But what also emerged from these discussion groups was an important sense of sequencing, in some ways a rather delicate dance of etiquette, around how this mutual respect should work. The sense which emerged was that it was being committed to ‘here’ – wanting to be here, and to join in – which should unlock a mutual respect for cultural diversity, particularly seeing the positive contribution of different food and music. More substantively, this also requires a commitment to freedom of religion and belief, combined with a respect for the views of others. But there is concern about and desire to reject of those demands which don’t seem to be about ‘fairness’, but rather seem to be “carve out” demands, voiced as appearing to want to live in a different country within a British society, which could undermine the idea of a shared set of rules we all must observe.
The third level of integration is about emotional attachment to British identity, and symbols of identity. These were given lower priority, particularly because of an understanding that this will take time. And participants also observed that they themselves differ about the Monarchy, or the wearing of poppies: the same choice was therefore open to new Britons who felt integrated, though a genuine emotional attachment to these or other British institutions would signal a felt sense of shared British identity.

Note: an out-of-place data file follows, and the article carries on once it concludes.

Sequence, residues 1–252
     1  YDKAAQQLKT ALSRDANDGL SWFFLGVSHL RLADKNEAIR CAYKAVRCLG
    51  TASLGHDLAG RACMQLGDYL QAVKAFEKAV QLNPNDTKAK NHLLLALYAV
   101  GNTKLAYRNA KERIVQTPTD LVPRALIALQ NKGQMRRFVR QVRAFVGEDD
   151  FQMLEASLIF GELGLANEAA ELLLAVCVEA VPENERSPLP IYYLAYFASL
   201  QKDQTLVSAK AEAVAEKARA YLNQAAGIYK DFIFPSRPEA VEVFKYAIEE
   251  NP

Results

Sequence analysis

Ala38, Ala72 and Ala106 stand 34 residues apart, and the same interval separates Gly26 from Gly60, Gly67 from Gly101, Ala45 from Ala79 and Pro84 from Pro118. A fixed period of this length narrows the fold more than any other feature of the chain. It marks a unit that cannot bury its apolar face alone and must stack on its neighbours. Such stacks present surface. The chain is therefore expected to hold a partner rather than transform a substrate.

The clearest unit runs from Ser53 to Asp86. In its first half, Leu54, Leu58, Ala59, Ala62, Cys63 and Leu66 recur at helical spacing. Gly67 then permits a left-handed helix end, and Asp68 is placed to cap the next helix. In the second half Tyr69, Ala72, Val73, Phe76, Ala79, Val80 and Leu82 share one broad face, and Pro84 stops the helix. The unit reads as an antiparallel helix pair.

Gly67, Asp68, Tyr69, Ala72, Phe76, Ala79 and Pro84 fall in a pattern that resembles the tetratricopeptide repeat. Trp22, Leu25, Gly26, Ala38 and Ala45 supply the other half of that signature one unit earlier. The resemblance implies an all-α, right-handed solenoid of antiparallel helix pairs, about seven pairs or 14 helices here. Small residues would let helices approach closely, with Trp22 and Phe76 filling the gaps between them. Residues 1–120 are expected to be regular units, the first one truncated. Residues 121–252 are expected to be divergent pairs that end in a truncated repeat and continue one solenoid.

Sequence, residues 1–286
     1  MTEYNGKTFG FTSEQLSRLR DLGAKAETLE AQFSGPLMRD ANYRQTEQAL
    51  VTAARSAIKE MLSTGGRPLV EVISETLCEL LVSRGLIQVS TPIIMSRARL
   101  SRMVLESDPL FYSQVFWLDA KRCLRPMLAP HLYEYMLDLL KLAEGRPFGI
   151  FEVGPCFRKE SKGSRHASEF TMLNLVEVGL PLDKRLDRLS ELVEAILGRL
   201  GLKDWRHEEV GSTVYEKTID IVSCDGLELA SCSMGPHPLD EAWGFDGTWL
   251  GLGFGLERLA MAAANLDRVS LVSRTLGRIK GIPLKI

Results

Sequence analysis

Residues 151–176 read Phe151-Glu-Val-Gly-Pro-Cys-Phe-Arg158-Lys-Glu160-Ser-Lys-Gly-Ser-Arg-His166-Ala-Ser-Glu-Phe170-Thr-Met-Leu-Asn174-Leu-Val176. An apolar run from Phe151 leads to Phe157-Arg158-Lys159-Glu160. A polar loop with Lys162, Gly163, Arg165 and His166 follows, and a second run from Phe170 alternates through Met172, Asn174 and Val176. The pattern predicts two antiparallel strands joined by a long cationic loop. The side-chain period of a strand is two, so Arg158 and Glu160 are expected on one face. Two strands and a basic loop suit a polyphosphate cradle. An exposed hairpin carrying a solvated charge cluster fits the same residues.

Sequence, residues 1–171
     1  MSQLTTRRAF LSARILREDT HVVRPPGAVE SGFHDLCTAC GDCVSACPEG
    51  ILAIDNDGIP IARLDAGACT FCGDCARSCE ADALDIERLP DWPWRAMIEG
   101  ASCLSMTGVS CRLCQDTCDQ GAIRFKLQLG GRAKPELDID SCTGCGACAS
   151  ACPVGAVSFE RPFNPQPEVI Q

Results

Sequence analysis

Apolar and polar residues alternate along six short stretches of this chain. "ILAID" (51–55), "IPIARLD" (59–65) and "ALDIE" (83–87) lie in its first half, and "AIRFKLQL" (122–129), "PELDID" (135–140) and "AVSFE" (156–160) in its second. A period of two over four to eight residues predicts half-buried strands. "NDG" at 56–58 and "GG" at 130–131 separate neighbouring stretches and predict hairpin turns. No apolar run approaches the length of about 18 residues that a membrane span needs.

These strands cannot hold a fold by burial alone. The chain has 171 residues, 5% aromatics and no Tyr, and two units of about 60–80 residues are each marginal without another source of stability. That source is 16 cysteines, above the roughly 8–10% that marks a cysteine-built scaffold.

The idea of personal “choice” was quickly voiced to immediately trump discussion of whether people should be judged by whether they watch the same TV programmes and films, or which sporting teams they support.
Deborah Mattinson, co-founder of Britain Thinks, said that “whilst the public don’t think about this in the formal language of ‘integration’ they do have very clear ideas about how both the immigrant and host communities can behave to ensure that”.
When attending a couple of the Leeds groups as an observer, I was also struck by how people do not find this an immediately accessible topic, though it was clear they thought the content was important. Certainly participants were less fluent in expressing initial thoughts about the topic on a blank sheet of paper than they would be if asked about “immigration”.
Part of that is about language. The issue of how we live together, whether we have a shared society, and what playing by the rules means, do matter to people. The language of “integration” is less familiar – and other themes such as “community cohesion” or “interculturalism” considerably more so. It would be useful to think about how to translate the policy and academic language more often into the terms that people themselves use to talk about how we live together.
Another issue arises from people being sincerely committed to avoid expressing extreme views, but sometimes being unsure about how to find how the language to express a concern about segregation. Group participants seemed concerned to find areas of agreement, and approached areas of disagreement somewhat tentatively. There were occasion where non-white participants might open up discussion of more ‘difficult’ issues, which was taken as a cue that the issue was not off limits, enabling the discussion to flow more generally. There were not sharp divisions between those from different ethnic backgrounds, with a shared sense of the importance of integration, and of avoiding discrimination too.